Victoria’s maritime safety regulator is investigating a potentially disastrous near miss in which two large commercial ships came close to colliding in Port Phillip Bay.
A 200-metre vessel laden with cars is believed to have veered off course and into the path of a 42,000-tonne container ship offshore from Rosebud in the early hours of August 12.
Maritime Safety Victoria is probing how the two ships came to be on a collision course.
Following the incident, Ports Minister Luke Donnellan asked the watchdog to investigate whether any regulatory changes ought to be made to improve safety in Victoria’s shipping channels.
Tracking of the incident on the Marine Traffic website indicates car-carrying vessel Tomar travelled off its line while rounding a bend in the shipping channel and into the path of CPO Jacksonville, a 260-metre container ship bound for the Port of Melbourne.
A source in the shipping industry said the vessels came within 50 seconds of colliding and were travelling towards each other at a closing speed of about 35 knots.
Rachel Gualano, Maritime Safety Victoria’s director of maritime safety, said the regulator would investigate the “close quarters incident” as well as those parties responsible for safety in port waters.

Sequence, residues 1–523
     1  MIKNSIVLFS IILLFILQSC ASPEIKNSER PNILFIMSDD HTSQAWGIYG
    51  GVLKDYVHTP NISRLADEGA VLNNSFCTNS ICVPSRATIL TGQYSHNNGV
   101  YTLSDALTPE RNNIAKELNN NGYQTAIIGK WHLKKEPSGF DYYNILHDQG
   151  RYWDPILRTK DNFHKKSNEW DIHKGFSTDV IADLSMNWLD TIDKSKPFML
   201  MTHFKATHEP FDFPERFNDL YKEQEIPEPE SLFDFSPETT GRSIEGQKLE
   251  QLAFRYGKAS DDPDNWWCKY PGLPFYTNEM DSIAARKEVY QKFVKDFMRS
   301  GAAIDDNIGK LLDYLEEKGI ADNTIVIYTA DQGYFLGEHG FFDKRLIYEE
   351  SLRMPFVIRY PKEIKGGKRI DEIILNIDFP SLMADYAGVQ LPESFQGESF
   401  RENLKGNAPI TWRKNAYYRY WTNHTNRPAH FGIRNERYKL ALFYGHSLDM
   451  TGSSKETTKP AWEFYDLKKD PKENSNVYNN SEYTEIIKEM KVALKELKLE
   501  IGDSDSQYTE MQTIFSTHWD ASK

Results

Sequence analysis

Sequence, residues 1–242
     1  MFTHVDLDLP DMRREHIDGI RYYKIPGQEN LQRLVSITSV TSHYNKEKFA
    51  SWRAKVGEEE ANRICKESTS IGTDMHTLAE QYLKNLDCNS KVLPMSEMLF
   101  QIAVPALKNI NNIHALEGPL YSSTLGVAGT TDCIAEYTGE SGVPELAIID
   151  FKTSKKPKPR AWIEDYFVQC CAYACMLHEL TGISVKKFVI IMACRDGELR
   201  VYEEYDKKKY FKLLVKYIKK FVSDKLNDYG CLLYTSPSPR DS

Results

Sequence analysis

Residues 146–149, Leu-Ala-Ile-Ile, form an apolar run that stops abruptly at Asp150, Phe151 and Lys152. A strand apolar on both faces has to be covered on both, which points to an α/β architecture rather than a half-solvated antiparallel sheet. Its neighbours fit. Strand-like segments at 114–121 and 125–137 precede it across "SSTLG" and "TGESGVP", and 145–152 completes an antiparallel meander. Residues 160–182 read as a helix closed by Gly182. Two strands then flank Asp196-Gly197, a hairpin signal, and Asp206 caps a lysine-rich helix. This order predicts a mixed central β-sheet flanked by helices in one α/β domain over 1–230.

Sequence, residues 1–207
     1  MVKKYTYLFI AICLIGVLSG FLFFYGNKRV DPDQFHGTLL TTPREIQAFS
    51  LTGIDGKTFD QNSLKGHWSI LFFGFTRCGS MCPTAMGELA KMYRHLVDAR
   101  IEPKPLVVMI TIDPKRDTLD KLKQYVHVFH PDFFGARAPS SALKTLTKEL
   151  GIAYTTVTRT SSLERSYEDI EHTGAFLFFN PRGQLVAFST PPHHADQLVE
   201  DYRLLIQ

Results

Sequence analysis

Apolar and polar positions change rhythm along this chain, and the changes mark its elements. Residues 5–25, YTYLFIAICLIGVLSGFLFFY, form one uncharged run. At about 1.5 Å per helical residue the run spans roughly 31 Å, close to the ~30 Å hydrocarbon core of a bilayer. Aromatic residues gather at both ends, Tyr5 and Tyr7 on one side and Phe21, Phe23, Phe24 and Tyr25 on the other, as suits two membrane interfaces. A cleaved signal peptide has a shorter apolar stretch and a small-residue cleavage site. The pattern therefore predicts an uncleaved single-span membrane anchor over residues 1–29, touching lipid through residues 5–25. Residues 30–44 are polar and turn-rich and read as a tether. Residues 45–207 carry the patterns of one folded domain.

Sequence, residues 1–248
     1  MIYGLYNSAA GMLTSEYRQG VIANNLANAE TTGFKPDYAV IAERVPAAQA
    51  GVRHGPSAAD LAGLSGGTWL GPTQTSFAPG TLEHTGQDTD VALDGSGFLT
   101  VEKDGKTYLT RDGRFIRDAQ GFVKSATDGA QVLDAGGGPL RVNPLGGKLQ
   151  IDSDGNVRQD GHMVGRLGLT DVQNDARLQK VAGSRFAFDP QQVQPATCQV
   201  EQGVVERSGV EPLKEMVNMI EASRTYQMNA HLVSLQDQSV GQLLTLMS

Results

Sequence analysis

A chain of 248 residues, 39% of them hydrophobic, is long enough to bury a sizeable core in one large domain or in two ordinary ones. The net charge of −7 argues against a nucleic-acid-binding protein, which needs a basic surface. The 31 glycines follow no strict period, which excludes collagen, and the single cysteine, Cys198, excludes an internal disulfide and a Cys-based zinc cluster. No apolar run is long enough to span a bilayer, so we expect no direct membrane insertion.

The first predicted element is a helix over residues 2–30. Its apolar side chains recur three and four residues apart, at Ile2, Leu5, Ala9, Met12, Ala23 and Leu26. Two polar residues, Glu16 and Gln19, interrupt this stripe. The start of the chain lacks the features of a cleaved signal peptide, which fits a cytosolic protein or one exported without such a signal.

“These incidents are invariably complex, and involve a number of parties and contributing factors, so Maritime Safety Victoria is devoting the effort and time required to come to a considered solution as soon as possible,” Ms Gualano said.
The near miss has also exposed fierce competitive tension between the two sea-piloting companies that operate in and out of the Port of Melbourne.
Tomar was being piloted by a new sea piloting company called APG, which began operating in February.
CPO Jacksonville was being piloted by Port Phillip Sea Pilots, which has operated since 1839 and until this year had a monopoly on the Port of Melbourne’s sea piloting operations.
(Source: The Sunday Morning Herald, Australia)
Sea News, September 14